Students from the University of Plymouth have led new research showing that seagrass beds in Looe Bay, on the South Cornwall coast, are among the largest such habitats in the whole of Devon and Cornwall.

Seagrass habitats are found across the UK and play an essential role in fighting increased atmospheric carbon emissions.

Looe’s large seagrass bed – which the research shows is up to 10 times larger than those in Plymouth, Falmouth and Torbay – performs an important role in the fight against climate change and, as such, requires continual monitoring to allow us to understand changes in the bed’s size and health.

Developing that understanding has been the key aim of a partnership between the Looe Marine Conservation Group (Looe MCG), Cornwall Wildlife Trust and the University. The partnership's research has revealed that the seagrass beds of Looe Bay cover approximately 1.1 km² of seabed, stretching from Hannafore in the West to Millendreath in the East, and offering shelter to a diverse range of ecologically important marine animals and plants.

These include cuttlefish and stalked jellyfish, the latter being one of the reasons a 52 km² Marine Conservation Zone (MCZ) was designated in 2013. The MCZ designation also requires that the seagrass beds are maintained in ‘favourable condition’, enabling them to function as an essential nursery ground for commercial fish species and helping to store carbon, a vital component in tackling the climate crisis.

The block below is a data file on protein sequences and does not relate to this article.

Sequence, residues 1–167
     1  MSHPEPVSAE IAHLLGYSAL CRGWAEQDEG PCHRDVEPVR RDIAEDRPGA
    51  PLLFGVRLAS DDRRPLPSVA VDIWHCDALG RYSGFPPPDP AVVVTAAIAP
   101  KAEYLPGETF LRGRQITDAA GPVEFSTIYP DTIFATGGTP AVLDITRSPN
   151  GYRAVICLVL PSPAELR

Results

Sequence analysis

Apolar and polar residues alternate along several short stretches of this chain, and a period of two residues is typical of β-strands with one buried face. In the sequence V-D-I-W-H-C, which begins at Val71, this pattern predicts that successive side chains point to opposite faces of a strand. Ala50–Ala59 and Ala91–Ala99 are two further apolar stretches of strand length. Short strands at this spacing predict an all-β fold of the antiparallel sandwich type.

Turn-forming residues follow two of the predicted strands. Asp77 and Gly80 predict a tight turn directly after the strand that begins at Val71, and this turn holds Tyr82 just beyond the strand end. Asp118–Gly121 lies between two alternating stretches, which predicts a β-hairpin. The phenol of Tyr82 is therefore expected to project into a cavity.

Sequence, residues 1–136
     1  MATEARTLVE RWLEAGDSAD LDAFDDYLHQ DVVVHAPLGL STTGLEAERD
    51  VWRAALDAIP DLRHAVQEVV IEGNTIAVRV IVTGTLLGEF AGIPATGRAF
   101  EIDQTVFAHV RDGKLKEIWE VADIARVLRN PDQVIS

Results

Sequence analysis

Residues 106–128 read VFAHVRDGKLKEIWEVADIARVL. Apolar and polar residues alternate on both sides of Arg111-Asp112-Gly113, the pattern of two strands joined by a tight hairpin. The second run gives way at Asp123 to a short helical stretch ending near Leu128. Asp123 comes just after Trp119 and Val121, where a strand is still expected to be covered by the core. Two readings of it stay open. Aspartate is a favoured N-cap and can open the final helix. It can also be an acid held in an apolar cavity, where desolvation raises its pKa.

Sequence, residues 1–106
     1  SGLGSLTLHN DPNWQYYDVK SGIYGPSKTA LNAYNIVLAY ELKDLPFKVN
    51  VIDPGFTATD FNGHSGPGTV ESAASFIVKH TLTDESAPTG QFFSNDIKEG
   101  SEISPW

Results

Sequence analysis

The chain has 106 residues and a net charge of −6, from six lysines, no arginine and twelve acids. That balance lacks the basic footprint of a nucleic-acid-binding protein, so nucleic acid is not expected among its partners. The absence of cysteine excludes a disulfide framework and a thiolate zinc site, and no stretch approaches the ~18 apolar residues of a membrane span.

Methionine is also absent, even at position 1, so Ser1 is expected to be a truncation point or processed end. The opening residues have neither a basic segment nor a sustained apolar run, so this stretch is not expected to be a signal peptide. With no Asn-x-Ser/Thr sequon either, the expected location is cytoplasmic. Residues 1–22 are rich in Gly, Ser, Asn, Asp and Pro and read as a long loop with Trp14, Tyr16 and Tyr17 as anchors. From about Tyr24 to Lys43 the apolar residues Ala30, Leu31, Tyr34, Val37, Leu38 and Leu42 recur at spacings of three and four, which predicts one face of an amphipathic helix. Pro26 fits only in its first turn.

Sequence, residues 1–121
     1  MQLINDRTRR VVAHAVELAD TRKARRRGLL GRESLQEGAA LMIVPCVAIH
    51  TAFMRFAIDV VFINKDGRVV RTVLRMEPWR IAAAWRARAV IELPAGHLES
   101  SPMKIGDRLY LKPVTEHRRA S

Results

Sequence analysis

Rebekah Noakes

Rebekah Noakes led the work while studying on the MSc Marine Conservation course at the University of Plymouth. She said:

“I am extremely proud of what I have been a part of in Looe. This new information is critical for informing planning and future coastal development in the area. Seagrass beds are a vital habitat across the globe, accounting for 10% of global carbon absorption. Being able to play a role in their effective protection, management and continued monitoring feels like a momentous achievement.”

The project has combined historic and new data, in the form of underwater video footage, to build a habitat map of Looe’s seagrass beds. Despite more than 20 years of previous surveys, the Looe seagrass beds have not been mapped to completion, with a gap in data between the East and West Looe sites.

In the future, LMCG Chairperson Amelia Bridges and Rebekah, who is continuing to volunteer with the group, are keen to fill this data gap by running more surveys in 2021. They are hopeful that the seagrass beds extend around the coast, making this one of the largest seagrass beds in the country, and therefore an area of conservation importance.

To establish weather this is the case, Cornwall Wildlife Trust is supporting the project by purchasing specialist underwater camera equipment to help the team map the beds further.

Amelia Bridges, Chair of the Looe Marine Conservation Group and a PhD student at the University of Plymouth, added:

“I am absolutely thrilled that the Looe Marine Conservation Group has had the opportunity to be involved in such a fantastic and important project. Seagrass beds are crucial for the development of young commercial and non-commercial fish species and can often harbour vulnerable species such as seahorses. Using the new camera equipment, we aim to develop a scientifically robust monitoring programme of the seagrass beds in the Looe Bay. This data will shed light on the health of the seagrass beds and allow us to develop local strategies to help safeguard this habitat.”

Amelia Bridges

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